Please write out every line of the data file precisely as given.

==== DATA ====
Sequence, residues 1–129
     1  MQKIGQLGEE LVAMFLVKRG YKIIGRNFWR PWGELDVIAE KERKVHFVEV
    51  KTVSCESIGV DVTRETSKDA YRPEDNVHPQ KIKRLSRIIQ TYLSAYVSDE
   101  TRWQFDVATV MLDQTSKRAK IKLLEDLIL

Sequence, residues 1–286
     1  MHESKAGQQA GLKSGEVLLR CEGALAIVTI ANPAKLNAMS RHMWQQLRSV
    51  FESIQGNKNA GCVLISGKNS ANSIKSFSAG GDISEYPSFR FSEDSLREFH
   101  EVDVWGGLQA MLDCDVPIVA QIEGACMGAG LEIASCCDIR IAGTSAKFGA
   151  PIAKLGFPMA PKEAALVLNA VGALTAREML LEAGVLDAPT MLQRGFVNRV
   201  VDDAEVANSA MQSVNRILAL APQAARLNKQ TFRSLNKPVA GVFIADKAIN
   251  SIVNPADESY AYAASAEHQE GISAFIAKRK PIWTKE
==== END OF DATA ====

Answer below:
Sequence, residues 1–129
     1  MQKIGQLGEE LVAMFLVKRG YKIIGRNFWR PWGELDVIAE KERKVHFVEV
    51  KTVSCESIGV DVTRETSKDA YRPEDNVHPQ KIKRLSRIIQ TYLSAYVSDE
   101  TRWQFDVATV MLDQTSKRAK IKLLEDLIL

Sequence, residues 1–286
     1  MHESKAGQQA GLKSGEVLLR CEGALAIVTI ANPAKLNAMS RHMWQQLRSV
    51  FESIQGNKNA GCVLISGKNS ANSIKSFSAG GDISEYPSFR FSEDSLREFH
   101  EVDVWGGLQA MLDCDVPIVA QIEGACMGAG LEIASCCDIR IAGTSAKFGA
   151  PIAKLGFPMA PKEAALVLNA VGALTAREML LEAGVLDAPT MLQRGFVNRV
   201  VDDAEVANSA MQSVNRILAL APQAARLNKQ TFRSLNKPVA GVFIADKAIN
   251  SIVNPADESY AYAASAEHQE GISAFIAKRK PIWTKE